I think there were a whole lot of 'em. I had an IBM colleague named Andy Heller, too. Not a photographer, though.

I bought a Leica iiia with a collapsible lens at Heller’s. He told me the month it was made from the serial number. I don’t remember the year I bought it but he was moving slowly and had either a cot or a sofa to rest on in the back room so he was not well.

About 25 years ago, I wanted to buy a telescope. Not far away was a one-man-band dealer who had the lowest prices on Meade 'scopes. He also had the reputation of being so eccentric that he would not sell anything to anybody he didn't like when meeting for the first time in his showroom.

Despite cash in hand and 'scope in stock, I left empty-handed.

It was crazy -- the guy used to advertise in the astronomy magazines and solicited phone orders, but used to leave his phone off the hook if he couldn't be bothered. He eventually retired. Or perhaps was dispatched by a disgruntled customer.


You have pushed the memory button in my brain. There was a small camera shop here in bucolic Kansas operated by an older gentleman, whose background was not common knowledge. He was primarily a Nikon dealer, and knew their product like no one else. He had a personal collection of Nikon SLR's and RF's the he often mentioned but were never shown. He had all the little oddball accessories, and as well was familiar with all the oddball Leica accessories identified with letters rather than numbers.

I still have my first Nikon I purchased from him, a blsck F/std. prism with 35mm/2. Call me a hoarder.

Bill Pearce

(why is my collar suddenly hot?)

I'm stealing that line. Best one I've heard in a while.

You're probably right about the collector/shopkeeper phenomenon, but there is another possible explanation. It's possible that Heller's Camera was the photo equivalent of The Piano Shop on the Left Bank (title of a 2002 book by Thad Carhart). You couldn't just walk in and buy a (restored second-hand) piano, you had to be considered worthy, which meant being recommended by an existing customer. It does sound like Andrew Heller was a collector, but I wonder whether there wasn't a touch of the left bank piano shop in there somewhere as well. Tom's comment about the M4/M6 makes me think there might be. Is it part of old-school European culture?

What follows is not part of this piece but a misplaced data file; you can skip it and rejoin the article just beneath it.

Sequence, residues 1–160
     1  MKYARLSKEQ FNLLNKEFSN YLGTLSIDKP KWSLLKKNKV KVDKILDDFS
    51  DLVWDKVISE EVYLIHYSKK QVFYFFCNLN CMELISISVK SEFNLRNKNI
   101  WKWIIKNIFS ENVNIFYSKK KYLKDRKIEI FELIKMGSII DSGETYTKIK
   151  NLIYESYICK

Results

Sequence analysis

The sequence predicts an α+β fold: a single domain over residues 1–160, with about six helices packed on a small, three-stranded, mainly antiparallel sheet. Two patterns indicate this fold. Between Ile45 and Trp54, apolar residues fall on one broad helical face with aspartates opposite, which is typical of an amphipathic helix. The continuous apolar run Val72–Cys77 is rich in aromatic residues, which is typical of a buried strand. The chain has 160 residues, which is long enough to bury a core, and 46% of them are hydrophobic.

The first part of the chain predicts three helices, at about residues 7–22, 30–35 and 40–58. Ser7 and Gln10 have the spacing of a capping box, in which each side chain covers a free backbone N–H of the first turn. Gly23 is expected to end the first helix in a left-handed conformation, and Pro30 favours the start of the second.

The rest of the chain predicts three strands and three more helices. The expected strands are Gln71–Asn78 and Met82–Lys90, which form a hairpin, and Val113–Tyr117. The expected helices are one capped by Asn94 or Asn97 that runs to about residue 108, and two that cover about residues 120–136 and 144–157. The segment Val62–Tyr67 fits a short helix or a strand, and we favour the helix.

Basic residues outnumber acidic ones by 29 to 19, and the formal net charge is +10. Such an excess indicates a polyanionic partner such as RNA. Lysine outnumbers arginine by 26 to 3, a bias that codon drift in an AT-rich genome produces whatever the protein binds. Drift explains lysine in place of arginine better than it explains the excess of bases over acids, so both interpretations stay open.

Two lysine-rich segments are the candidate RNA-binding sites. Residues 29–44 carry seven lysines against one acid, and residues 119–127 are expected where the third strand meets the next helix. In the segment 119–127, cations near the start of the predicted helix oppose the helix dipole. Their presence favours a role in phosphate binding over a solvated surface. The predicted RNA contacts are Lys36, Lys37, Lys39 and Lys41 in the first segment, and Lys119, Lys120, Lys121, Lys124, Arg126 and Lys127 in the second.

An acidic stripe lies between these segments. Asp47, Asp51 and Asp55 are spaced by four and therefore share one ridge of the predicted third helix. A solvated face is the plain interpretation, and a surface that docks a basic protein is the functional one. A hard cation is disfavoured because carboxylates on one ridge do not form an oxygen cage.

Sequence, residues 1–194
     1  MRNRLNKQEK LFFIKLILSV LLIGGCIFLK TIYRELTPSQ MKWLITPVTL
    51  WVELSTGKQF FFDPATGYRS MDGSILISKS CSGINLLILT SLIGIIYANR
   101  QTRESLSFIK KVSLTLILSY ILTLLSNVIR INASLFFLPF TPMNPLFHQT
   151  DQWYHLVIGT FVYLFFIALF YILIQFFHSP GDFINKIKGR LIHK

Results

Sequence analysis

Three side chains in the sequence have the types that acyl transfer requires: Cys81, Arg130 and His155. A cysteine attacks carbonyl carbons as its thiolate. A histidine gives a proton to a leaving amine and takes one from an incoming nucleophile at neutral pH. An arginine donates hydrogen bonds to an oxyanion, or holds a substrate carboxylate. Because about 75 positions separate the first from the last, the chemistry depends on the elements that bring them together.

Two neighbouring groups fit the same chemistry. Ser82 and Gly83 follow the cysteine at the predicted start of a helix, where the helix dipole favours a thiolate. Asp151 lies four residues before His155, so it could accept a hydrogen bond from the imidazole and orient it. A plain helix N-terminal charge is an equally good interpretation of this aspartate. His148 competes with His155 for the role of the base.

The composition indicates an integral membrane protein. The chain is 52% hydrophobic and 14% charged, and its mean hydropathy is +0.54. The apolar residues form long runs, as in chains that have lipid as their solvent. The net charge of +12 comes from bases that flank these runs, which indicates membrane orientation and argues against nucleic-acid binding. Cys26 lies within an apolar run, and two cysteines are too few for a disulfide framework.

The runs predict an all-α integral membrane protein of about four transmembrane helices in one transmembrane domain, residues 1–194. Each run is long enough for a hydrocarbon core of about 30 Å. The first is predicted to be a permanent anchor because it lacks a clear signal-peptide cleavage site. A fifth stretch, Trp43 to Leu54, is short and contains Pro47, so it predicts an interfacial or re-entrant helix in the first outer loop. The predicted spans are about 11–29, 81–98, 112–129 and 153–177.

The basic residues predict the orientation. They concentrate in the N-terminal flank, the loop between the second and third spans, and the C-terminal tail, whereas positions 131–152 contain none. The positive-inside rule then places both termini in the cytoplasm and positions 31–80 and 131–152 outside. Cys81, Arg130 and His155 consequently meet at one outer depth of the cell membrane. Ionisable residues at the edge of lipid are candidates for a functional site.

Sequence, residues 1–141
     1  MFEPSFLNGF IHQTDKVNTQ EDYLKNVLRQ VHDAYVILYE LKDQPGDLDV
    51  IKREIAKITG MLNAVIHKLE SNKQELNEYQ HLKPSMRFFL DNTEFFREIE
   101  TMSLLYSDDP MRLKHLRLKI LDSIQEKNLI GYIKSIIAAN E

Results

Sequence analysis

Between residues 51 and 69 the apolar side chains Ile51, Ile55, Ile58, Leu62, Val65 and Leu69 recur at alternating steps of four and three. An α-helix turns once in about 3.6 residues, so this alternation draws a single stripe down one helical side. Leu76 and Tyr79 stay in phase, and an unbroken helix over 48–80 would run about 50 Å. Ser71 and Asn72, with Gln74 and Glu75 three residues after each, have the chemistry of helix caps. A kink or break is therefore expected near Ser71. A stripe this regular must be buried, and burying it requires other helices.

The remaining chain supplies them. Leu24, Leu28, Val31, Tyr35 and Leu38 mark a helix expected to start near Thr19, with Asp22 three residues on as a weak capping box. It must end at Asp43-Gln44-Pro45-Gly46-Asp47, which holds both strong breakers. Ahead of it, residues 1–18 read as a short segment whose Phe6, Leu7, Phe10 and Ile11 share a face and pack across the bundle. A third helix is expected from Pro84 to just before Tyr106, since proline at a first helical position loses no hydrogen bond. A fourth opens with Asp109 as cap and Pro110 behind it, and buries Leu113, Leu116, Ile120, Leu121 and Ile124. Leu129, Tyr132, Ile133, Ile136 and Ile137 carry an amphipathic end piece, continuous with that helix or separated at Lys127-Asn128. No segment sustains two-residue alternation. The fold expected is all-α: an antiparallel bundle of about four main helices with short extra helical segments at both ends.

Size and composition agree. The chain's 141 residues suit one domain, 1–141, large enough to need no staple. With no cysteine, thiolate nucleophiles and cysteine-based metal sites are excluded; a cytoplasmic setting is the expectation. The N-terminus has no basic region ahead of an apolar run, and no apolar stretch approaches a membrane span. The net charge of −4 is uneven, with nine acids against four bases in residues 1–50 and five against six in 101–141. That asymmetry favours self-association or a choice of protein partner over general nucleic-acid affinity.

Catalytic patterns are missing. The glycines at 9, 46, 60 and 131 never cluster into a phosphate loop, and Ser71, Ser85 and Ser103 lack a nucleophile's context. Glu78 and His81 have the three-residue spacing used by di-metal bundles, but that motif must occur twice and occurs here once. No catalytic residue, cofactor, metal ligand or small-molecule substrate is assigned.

Episode 130 of the Classic Lenses Podcast With Dan Tamarkin of Tamarkin Camera in Chicago is worth a listen for some of the idiosyncrasies of Leica collecting:


So what am I if I have (um - let's say hypothetically) some apparently random boxes full of apparently disorganised stuff but I know where everything is (provided no-one moves the boxes)?

Sadly, Ivor Matanle died in early January 2019. He was perceived in the UK as the authority on classic cameras and featured, or wrote, in many editions of “Amateur Photography”, a long established UK weekly magazine.

I wonder if Mr Judice above is referring to George Lange Cameras in Houston, Texas? I recall the prices there being exceedingly high but nevertheless, he remained in business. When Rollei went through one of its bouts of bankruptcy around 1982 or 83, Mr Lange sold off his stock of filters and little accessories, and I bought a bunch of them at very reasonable price. It is written that astronaut Wally Shirra bought his Hasselblad camera from Mr Lange in 1962.

I think I might have the camera in the top photo on the cover of Ivor Matanle's book. If I'm right, it's a Voigtländer Vito B.

One of these, a f/2.8 Color Skopar with the lovely brightline finder was my first proper camera, about 1958. I saved up my Christmas and birthday present money for what seemed like 2 years, and bought a clean used one in Bond St, London.

It served me very well, and despite exposures worked out by rule of thumb, I still have a few prints I'm proud of.

I understand the desire to collect nice things but I feel it's a terribly shame that such brilliantly designed and made devices as Leicas (and other brands) are not used to for their original purpose - to make photos, even if it's just occasionally.